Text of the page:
In addition, the compressed cache allocation may use a set of novel cache algorithms to optimize compressed storage for the most active of the stale pages normally swapped to disk. In other words, based on the algorithm of one embodiment, pages that show a history of reuse may be compressed and stored in the compressed cache 240, while pages that show little history of reuse may be compressed and swapped to the compressed page partition in the disk subsystem 300. Thus, as the compressed cache 240 memory becomes full, the dynamic algorithm of the compressed cache manager 720 tags compressed pages according to a novel least recently used, lazy replacement LRU/LZU algorithm and retires low utilization compressed pages into the disk subsystem 300. In an alternate embodiment, the compressed pages that are stored onto the disk subsystem 300 may not be stored in a compressed partition but still may be compressed for faster file transfer and bus I/O bandwidth improvements.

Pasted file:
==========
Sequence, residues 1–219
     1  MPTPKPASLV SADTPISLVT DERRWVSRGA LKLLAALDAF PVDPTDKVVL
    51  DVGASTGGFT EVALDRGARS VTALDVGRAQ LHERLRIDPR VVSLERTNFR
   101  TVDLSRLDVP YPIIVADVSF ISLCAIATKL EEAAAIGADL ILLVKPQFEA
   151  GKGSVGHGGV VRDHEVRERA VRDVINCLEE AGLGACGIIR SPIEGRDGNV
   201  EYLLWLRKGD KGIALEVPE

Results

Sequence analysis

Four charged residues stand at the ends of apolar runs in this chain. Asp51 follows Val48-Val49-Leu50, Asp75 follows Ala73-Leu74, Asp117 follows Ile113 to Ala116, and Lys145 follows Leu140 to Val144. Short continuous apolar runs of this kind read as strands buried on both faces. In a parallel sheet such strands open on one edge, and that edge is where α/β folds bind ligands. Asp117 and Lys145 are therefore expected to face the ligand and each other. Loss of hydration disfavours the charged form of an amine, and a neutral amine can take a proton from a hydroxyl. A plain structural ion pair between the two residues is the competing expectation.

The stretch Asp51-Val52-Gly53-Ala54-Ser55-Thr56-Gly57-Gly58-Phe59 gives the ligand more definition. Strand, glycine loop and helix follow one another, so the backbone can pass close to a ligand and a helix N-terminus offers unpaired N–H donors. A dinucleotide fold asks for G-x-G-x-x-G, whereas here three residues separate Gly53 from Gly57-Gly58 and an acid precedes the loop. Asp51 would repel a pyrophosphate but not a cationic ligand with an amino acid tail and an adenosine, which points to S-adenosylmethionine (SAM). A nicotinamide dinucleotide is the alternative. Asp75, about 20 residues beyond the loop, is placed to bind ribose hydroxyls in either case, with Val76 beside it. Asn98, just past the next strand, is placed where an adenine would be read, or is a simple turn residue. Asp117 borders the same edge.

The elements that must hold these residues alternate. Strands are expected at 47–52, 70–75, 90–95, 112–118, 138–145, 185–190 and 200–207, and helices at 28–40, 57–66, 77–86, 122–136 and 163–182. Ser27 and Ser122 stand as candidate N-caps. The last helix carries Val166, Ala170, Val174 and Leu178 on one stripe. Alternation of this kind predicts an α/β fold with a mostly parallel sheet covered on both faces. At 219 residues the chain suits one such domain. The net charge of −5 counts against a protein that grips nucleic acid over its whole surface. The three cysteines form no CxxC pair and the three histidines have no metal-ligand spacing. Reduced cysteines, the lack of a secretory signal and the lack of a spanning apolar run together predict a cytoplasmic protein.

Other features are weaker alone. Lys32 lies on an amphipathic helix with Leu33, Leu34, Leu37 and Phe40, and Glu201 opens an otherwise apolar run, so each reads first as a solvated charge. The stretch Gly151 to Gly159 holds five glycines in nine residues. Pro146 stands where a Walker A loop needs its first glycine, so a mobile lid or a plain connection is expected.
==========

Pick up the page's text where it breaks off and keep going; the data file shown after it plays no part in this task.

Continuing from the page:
In order to accomplish storage of compressed pages to disk, the system uses another unique filter, the compressed disk manager 800. The compressed disk manager 800 is a software module that may be used like a secondary File Allocation Table (FAT) specifically designed for compressed pages. Thus, the system may retire compressed pages located in the compressed cache 240 buffer to the disk subsystem 300 for storage. In addition, if the compressed disk manager 800 is not installed, the compressed cache manager 740 may call the codec driver 500 to instruct the DME 204 to decompress a stale page prior to storage in the disk subsystem 300. Thus, the performance enhancement when using the compressed disk manager 800 has clear advantages over prior art disk compression technologies.

One embodiment of the present invention also may decompress pages into the system memory subsystem 200 active page region 220 from either the compressed cache 240 memory area or directly from the disk subsystem 300. This process also may require the requests from the operating system software's virtual memory manager 620 for a page of data that the VMM 620 thinks resides in the disk subsystem 300. When a retired page is requested to be reissued to the active page 220 area of the memory subsystem 200, the compressed cache manager 720/740 searches its compressed cache 240 buffer allocation tables in order to see if the requested page is resident in the system memory 200 subsystem, or if the requested page may need to be restored from the disk subsystem 300.